Published: Fri, July 13, 2018
Sport | By Gary Shelton

Sen. McConnell supports changing Papa John's stadium name

Sen. McConnell supports changing Papa John's stadium name

Papa John's stock is up almost 3% Friday on the news.

A Papa John's spokesperson confirmed to the BBC that it will erase its founder's image from all advertising.

Schnatter, who was a longtime visible presence in Papa John's commercial campaigns, admitted to making a racial slur during a company conference call in May.

Papa John's latest controversy has begun to cost the brand relationships with baseball teams across the majors.

Schnatter's decision to step down as chairman of Papa John's board comes after Netflix last month fired its top spokesman over use of the N-word. The company's shares, which had fallen almost 5 percent Wednesday, rebounded 11 percent Thursday after the company announced Schnatter's resignation as chairman.

Schnatter resigned from the U of L Board of Trustees and the board of his company Wednesday after Forbes published a reportthat he had used the n-word during a conference call. He had stepped down as CEO past year after blaming disappointing pizza delivery sales on the outcry surrounding football players kneeling during the national anthem.

Schnatter later apologized for the remark, which was made during a media training exercise after he was asked how he would distance himself from racist groups.

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On Friday afternoon, the University of Louisville said it would remove the Papa John's name from the university's Cardinals Stadium.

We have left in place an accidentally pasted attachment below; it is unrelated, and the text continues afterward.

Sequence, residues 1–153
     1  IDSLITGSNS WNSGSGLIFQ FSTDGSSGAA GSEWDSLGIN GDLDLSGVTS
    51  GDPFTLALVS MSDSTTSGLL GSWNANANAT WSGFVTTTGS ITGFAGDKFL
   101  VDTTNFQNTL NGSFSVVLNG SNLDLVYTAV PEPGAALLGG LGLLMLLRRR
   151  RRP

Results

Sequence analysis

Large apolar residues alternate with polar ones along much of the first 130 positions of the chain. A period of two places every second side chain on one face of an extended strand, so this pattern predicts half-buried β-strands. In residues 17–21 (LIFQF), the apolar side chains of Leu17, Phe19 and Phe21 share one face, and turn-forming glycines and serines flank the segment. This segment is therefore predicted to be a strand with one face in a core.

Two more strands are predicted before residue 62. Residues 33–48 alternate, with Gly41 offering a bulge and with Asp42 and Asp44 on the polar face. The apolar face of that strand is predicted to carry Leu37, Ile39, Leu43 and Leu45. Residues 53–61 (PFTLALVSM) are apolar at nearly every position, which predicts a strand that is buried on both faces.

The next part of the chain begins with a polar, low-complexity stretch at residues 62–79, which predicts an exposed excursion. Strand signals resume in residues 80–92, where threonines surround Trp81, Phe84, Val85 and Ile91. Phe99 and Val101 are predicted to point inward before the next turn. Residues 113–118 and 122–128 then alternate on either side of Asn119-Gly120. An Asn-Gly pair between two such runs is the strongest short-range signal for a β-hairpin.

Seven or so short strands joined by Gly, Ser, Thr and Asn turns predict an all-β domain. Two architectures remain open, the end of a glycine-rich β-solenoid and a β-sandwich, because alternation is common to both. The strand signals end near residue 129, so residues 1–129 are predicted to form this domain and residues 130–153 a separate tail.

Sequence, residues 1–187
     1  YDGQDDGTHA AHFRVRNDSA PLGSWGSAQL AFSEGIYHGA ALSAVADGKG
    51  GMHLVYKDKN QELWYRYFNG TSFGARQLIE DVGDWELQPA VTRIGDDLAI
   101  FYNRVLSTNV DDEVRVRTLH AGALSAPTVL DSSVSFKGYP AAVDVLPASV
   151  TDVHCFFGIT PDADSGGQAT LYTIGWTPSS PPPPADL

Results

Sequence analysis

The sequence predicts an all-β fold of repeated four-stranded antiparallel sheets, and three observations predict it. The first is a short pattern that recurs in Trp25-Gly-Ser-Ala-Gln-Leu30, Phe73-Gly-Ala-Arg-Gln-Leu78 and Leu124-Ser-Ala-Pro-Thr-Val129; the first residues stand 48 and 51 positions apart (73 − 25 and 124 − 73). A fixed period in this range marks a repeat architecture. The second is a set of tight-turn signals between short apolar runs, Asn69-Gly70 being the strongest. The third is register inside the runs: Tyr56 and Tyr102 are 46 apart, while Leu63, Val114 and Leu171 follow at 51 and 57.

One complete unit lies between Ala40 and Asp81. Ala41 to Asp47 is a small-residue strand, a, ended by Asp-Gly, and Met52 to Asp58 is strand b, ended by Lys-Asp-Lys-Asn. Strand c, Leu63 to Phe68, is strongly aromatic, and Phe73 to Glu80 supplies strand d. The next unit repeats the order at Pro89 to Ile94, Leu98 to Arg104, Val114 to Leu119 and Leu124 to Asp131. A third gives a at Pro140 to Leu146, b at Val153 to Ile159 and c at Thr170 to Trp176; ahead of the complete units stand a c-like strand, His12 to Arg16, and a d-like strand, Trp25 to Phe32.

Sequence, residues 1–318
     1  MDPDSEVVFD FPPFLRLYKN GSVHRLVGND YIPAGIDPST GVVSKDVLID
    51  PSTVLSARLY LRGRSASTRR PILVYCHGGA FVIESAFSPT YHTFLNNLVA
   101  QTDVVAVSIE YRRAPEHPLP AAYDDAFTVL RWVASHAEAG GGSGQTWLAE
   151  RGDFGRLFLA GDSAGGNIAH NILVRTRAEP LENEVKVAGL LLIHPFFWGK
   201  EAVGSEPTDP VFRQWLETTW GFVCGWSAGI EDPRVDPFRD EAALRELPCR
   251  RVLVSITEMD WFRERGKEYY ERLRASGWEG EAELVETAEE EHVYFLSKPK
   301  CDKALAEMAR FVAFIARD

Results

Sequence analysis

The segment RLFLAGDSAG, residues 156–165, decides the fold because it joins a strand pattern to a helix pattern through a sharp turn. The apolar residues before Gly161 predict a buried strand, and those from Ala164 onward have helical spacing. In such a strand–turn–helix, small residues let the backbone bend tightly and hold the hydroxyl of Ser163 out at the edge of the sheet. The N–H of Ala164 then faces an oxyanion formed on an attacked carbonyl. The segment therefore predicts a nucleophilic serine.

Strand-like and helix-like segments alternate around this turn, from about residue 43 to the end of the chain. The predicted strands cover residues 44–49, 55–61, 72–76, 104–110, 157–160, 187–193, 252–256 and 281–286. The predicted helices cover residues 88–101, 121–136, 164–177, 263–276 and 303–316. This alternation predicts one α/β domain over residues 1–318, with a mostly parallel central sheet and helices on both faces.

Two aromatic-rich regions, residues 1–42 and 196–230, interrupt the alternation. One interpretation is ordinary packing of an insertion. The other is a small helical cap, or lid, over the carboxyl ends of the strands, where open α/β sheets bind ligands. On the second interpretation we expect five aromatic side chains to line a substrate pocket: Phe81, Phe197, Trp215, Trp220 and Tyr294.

Schnatter subsequently issued a statement acknowledging the use of "inappropriate and hurtful" language.

A slice of cheese pizza at a Papa John's pizza shop in Quincy, Mass. Schnatter released a statement Wednesday apologizing, which said in part, "Regardless of the context, I apologize".

"Mr. Schnatter's derogatory and insensitive comments are not at all reflective of the value of our organization", the Marlins statement said.

Keith Hollingsworth, a professor at Morehouse College's business department, said keeping Schnatter on marketing would be a signal to people that the company does not have a problem with his comments, or that it didn't think they were a big deal.

Earlier this week, Schnatter used the n-word in a conference call orchestrated by a PR company created to prevent future PR screw-ups.

AP reports that Schnatter's face had been removed from some marketing materials as early as Friday morning, even though the company says all further details are still being worked out.

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